The Outsiders

The Outsiders
by S.E. Hinton

Yes, The Outsiders again!  We just can't get enough of it at our house.  It seems we have been living in 1965 Tulsa around here lately.  My son had to read The Outsiders as a companion piece to his required reading book this past nine weeks.  He loved the book.  He has now chosen to use it as the subject of a book talk and a literary essay. He has read it twice in the last month.  And, with every page turned, he has some new insight to share with me.  This book, written over 40 years ago by a 15 year old girl, has changed by son's view on people and how they can be judged.

If you haven't read this book, I would say it is a must.  My memory tells me I read it as a youngster, but it is possible I just saw the movie, which was released in 1983.  (We watched it last night.  The actors, the best looking boys of my youth, looked like babies.  Was I ever that young?)  I did read it this past month with my son and I was struck by the beauty of its simple prose.  I love that a boy is so sensitive and aware.  I love even more that, because of Ponyboy, my son now feels he has permission to be just as sensitive and aware.  The arc of each of the characters tells young people that we are all able to change dramatically, no matter what our circimstances.  It also reminds us that we are all people first.  Labels like "soc" and "greaser" come later and have little to do with who we are on the inside.

If you are living with an 11 year old or better, I must recommend this novel to you.  I am sure you will dig out lessons that we have yet to find.  Please let me know what you think.


Roald Dahl on the Nook

I got an email the other day from Barnes & Noble announcing that many of Roald Dahl's books are now available on the nook. He is among my favorite authors for children. He writes with wit and humor. His characters are original. He always entertains me.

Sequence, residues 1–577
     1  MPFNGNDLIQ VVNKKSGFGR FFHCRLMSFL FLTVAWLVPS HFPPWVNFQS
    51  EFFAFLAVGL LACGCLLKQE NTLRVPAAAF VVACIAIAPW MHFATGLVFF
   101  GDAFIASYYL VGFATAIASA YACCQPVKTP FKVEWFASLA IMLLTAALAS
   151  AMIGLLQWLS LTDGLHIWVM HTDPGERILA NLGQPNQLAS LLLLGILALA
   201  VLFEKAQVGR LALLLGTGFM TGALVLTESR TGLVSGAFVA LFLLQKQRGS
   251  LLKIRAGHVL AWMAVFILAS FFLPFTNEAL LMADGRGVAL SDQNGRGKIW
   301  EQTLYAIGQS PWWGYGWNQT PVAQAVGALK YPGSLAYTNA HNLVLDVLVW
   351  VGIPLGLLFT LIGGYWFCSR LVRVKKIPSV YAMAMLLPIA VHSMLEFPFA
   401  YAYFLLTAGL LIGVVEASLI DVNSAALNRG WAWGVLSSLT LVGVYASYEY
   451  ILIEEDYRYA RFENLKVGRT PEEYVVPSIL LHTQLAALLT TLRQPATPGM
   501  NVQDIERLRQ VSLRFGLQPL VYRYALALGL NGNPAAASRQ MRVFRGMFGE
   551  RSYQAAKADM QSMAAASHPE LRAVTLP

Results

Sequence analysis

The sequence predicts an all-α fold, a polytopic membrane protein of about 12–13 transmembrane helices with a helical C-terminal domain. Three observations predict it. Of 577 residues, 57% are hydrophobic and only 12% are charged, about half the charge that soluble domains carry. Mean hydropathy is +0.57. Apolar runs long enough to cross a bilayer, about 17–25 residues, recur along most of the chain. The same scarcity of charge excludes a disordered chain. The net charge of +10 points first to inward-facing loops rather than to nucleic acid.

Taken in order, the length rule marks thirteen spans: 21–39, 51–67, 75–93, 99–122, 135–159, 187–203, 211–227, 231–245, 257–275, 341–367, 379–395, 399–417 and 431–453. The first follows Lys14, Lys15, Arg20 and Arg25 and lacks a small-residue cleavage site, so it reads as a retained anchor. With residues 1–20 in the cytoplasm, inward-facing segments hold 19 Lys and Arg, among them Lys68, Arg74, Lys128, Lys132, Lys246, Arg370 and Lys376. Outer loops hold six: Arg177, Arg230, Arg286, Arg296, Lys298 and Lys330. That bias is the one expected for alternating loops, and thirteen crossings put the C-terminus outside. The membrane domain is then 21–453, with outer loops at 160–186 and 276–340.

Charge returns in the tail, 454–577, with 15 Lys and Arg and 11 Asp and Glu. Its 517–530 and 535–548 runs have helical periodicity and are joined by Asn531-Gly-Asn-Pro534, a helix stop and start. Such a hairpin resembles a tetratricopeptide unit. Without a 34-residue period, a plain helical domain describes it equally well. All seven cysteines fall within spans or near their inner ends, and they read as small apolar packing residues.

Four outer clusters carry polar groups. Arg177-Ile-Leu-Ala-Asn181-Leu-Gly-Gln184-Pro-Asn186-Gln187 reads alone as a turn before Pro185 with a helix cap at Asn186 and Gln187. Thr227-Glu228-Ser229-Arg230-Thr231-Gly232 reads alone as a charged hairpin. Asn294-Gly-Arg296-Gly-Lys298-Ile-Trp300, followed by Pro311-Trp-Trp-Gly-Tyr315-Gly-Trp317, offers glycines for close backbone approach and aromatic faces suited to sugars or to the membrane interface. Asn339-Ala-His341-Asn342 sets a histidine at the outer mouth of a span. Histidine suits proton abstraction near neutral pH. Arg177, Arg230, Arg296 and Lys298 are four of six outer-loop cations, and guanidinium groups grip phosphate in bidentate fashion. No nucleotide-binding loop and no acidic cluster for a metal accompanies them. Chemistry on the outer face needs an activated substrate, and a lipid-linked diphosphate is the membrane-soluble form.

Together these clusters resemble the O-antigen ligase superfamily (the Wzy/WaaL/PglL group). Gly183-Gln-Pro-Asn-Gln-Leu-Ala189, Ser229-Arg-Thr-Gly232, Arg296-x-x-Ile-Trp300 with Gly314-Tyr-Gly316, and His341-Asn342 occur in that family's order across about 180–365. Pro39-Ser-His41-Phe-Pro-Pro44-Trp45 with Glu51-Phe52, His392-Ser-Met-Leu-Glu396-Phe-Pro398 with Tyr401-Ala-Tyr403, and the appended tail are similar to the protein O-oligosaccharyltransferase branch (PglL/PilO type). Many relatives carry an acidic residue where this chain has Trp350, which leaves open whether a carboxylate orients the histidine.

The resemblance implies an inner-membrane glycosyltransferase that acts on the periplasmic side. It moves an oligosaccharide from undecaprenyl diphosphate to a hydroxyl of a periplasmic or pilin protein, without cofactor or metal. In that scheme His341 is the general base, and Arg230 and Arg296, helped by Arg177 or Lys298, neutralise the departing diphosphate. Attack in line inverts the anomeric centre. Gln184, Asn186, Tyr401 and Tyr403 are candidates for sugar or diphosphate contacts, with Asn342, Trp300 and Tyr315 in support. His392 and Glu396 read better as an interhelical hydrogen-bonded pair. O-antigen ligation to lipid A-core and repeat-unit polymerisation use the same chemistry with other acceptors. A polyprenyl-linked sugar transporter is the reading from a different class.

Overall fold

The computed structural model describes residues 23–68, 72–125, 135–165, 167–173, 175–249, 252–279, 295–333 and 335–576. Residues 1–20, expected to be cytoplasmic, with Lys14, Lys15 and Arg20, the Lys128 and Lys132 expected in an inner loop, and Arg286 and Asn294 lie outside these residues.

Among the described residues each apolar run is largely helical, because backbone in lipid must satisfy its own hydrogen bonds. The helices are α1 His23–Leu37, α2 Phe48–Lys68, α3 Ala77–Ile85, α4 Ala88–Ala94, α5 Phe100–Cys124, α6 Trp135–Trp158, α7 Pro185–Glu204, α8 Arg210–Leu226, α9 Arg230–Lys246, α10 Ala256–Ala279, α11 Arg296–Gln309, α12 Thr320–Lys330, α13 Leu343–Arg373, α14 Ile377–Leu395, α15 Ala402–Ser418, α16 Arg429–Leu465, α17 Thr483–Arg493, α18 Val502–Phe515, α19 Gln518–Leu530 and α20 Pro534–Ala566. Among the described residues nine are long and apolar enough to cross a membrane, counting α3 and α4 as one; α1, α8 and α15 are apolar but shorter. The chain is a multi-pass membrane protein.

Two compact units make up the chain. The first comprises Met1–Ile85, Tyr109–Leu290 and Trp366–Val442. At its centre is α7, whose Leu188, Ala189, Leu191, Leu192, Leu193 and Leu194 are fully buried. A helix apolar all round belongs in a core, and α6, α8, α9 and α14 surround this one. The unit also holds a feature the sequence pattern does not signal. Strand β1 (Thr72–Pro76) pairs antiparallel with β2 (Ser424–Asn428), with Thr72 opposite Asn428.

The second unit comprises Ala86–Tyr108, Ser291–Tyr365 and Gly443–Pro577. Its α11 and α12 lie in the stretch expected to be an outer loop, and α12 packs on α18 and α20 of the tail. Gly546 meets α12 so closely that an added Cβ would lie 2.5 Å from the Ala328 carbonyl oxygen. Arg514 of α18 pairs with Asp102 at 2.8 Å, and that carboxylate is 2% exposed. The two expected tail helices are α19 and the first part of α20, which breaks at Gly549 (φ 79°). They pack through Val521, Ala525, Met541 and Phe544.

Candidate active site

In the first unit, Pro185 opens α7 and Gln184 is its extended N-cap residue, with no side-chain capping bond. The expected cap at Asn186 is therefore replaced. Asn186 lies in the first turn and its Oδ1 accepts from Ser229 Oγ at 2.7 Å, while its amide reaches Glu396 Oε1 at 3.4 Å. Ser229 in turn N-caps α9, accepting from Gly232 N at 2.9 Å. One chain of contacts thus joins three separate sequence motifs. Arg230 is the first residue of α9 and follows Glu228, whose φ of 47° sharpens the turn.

What do I think of the books being available on the nook? I think it is great. My goal for children and young adults is for them to incorporate reading into their leisure time. Even more, I want them to have stories in their lives. If they do this by picking up a book, turning on an eReader or listening to a recording, I will be seen quietly doing a happy dance.

What is you child's favorite way to access stories?



by Rachel Hartman

I am not sure if I've mentioned it, but I think of myself as an oval peg.  I have lived in this town most of my life and know just about everyone, or I know someone who knows them.  But, just because I know them doesn't mean I "fit in."  I suppose that is one reason I love to read. I meet new people everyday and not one of them ever judges me!  When I read a summary of this book, Seraphina, it had immediate appeal, because the reviewer was selling it as "a great dragon" fantasy, about a girl who was trying to live in two different worlds.  This is something with which I am familiar.